Senator Gore. That brings up still an additional problem. Suppose that in the years as we go forward with this program an interstate route has been constructed under the 60-40 or 6623-3313, 75–25, or 90-10.

Then the State decides that that road having been constructed with maximum contribution of the Federal Government, they want to change the designation of interstate designation, and build an additional route, or rebuild another route with maximum contribution on the part of the Federal Government.

What would you do in that case under the new proposal or the present law?

Mr. KALTENBACH. The mileage limitation would probably prevent it.

Senator GORE. It might not.

Mr. KALTENBACH. You see by that time all the routes would have been designated, substantially all.

Mr. Curtiss. We would have to have a lot more information than just the hypothetical question you propose in order to answer that, but I would say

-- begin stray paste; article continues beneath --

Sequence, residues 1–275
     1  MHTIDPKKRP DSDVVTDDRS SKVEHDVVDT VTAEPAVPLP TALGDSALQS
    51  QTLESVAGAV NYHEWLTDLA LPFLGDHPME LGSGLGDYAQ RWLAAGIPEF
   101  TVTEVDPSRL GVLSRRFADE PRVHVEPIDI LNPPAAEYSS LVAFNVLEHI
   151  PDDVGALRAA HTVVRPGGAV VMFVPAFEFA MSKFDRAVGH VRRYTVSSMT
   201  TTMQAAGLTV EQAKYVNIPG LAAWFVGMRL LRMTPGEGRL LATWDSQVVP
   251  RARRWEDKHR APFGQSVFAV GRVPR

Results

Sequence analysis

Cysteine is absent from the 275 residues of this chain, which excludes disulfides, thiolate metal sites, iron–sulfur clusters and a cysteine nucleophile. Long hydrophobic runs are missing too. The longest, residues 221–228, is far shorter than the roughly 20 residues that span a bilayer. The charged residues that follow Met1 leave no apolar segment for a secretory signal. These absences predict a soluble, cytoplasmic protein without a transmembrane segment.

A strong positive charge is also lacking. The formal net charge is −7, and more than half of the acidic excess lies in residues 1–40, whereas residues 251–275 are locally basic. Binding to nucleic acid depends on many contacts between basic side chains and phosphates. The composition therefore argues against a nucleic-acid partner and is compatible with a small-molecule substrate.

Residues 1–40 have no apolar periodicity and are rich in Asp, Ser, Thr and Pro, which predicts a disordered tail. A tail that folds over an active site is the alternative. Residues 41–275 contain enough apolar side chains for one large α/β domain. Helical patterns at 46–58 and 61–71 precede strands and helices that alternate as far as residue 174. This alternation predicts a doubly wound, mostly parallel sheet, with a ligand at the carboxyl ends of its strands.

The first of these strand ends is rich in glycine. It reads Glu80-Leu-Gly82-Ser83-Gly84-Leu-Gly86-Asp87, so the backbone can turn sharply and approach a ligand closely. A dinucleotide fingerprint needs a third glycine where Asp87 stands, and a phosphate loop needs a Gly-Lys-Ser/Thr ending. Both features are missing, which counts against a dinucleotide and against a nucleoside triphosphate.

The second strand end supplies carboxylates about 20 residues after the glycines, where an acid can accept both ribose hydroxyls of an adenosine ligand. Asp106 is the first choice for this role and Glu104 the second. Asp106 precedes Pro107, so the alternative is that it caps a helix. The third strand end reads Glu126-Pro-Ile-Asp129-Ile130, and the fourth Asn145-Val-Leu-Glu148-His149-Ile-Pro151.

Senator GORE. I understand that. What I am trying to get at is when we increase, as I think the committee may want to do, the Federal share of the interstate roads, we then may find it necessary to vest with the Bureau of Roads certain authority, which it has not previously had, to protect the Federal interest in this matter, else the Bureau of Roads will be the victim of the desires of the cities and the States to build routes on which the Federal Government will pay the major share.

Mr. Curtiss. I think the answer to your questions is that we would withhold approval to the addition of a route. It would have to be very compelling reasons, which in most cases would probably not exist, for an addition such as you describe.

Senator GORE. Do you think, Mr. Counsel, that the provisions which you have suggested in S. 1160 are sufficient in this regard?